Thursday 13 June 2024
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Crimson Cup’s new Probat Roaster brings small-batch consistency to larger roasts

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COLUMBUS, Ohio, U.S. – For over 28 years, Crimson Cup Coffee & Tea has hand-roasted award-winning coffee in small batches. Roast Master Dave Rochus and his team carefully monitor factors such as temperature, aroma, moisture content, color and sound of the coffee beans to achieve a consistent roast.

Rapid growth at the Columbus coffee company prompted a search for a new roaster that would deliver the same consistency on a larger scale. The coffee team settled on a Probat R-23 drum roaster customized to Crimson Cup‘s specifications.

The new machine, The Kracken, now presides over the company’s 20-000-square-foot roasting facility on the east side of Columbus. The four-bag roaster can produce 500 pounds of coffee per batch – all under careful monitoring by Rochus and his team.

“We’ve had a pair of 25-pound Probat roasters nicknamed Hansel and Gretel for over 20 years, so we were sold on the quality,” said Founder and President Greg Ubert. “New computer controls with the R-23 allow us to deliver small-batch consistency with larger roasts.”

Rochus pointed to Probat‘s on-line control systems, which allow his team to monitor and control the roast. “Moving a roast recipe from a smaller to a larger roaster – and vice versa – can present a challenge,” Rochus said. “We’ve found that the Probat process control system allows us to handle this with ease.”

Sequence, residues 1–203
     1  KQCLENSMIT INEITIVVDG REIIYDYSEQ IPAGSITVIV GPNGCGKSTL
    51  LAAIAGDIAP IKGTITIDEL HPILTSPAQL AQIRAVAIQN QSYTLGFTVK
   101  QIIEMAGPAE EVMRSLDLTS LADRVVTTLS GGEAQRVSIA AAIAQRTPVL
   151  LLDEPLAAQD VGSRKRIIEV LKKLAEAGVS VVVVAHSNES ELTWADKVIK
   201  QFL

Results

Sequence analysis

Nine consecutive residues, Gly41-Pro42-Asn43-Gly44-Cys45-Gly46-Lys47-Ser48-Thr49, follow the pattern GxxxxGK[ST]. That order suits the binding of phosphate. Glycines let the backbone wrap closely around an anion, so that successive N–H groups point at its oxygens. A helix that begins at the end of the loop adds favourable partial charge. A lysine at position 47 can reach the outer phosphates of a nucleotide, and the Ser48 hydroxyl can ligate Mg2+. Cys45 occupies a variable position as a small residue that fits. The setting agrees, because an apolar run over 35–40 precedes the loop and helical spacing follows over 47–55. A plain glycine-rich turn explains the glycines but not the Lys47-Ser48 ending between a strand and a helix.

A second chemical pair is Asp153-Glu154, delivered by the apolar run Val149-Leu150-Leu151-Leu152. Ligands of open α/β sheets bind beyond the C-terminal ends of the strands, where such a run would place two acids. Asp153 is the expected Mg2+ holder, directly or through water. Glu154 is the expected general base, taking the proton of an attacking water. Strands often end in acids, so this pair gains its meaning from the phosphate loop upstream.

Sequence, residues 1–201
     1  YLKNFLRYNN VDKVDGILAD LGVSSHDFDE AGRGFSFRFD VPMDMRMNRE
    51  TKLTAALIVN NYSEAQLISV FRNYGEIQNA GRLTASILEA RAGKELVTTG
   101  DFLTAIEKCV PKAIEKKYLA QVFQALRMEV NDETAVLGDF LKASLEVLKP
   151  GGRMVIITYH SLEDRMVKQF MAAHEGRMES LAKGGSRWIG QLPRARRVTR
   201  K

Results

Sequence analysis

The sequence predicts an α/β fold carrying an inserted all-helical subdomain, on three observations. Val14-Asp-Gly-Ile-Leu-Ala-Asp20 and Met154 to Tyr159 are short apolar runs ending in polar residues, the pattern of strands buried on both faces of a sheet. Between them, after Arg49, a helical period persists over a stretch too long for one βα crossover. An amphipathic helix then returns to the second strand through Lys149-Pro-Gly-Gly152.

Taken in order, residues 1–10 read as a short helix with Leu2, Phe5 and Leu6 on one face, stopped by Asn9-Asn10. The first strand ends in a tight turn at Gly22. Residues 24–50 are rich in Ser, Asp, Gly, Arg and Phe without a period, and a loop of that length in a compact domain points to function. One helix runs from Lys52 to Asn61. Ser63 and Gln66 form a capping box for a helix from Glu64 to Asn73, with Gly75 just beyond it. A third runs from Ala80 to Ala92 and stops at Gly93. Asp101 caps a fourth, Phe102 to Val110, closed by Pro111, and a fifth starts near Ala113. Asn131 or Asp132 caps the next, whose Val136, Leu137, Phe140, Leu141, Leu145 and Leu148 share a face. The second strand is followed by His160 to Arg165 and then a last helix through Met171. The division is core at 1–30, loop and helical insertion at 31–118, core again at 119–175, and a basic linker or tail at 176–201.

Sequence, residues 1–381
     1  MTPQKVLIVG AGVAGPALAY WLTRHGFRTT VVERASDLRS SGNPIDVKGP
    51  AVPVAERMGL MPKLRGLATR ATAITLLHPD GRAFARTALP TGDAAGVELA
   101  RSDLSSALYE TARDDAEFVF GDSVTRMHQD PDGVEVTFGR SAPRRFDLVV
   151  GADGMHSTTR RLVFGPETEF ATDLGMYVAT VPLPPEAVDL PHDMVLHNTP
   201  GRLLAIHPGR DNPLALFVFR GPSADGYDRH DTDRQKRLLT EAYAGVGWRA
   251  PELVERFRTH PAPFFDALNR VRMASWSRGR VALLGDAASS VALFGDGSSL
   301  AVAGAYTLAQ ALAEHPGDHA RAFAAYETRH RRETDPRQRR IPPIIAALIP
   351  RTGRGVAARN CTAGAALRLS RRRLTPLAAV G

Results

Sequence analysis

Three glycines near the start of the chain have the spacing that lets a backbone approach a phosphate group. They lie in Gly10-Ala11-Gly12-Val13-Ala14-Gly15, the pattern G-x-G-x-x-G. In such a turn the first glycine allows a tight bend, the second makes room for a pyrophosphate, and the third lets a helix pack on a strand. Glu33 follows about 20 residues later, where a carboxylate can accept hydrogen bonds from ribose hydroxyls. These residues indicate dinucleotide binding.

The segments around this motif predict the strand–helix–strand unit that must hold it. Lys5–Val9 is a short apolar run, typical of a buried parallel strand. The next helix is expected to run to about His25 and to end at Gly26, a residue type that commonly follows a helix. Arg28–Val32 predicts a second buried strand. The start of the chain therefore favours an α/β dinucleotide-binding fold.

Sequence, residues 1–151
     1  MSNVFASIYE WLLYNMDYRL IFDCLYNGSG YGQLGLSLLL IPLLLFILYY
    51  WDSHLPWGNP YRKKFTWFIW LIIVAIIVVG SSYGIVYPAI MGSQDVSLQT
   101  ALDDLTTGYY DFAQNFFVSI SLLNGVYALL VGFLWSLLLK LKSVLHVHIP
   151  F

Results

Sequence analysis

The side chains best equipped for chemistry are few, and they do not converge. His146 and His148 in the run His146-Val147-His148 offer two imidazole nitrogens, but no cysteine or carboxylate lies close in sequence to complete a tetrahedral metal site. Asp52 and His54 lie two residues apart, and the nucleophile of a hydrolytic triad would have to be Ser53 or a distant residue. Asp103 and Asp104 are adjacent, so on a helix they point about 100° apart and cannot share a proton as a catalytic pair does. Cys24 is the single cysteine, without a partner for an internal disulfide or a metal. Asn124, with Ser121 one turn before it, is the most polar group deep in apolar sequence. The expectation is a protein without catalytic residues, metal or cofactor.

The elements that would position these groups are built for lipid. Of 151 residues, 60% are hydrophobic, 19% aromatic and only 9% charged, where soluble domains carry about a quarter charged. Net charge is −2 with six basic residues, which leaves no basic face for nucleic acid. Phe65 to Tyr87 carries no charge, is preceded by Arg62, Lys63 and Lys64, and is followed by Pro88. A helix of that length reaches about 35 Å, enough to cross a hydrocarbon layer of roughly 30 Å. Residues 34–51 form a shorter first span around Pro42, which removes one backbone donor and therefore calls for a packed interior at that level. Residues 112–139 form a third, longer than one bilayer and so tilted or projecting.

He noted that the Reflection Control Module allows automatic reproduction of product temperature curves after they have been initially defined, while the Colorette tool assists with color measurement. The roasting team also continually measures coffee density using a small sample from each batch.


Operations Manager Joe Blankenship said the new roaster will assist with quality control and efficiency as the roaster delivers over 600,000 pounds of coffee in 2019 to a network of coffee shops, specialty grocers, colleges and universities and food service operations across 37 states, Guam and Bangladesh.

“Life is better in the production facility because of it,” he said.


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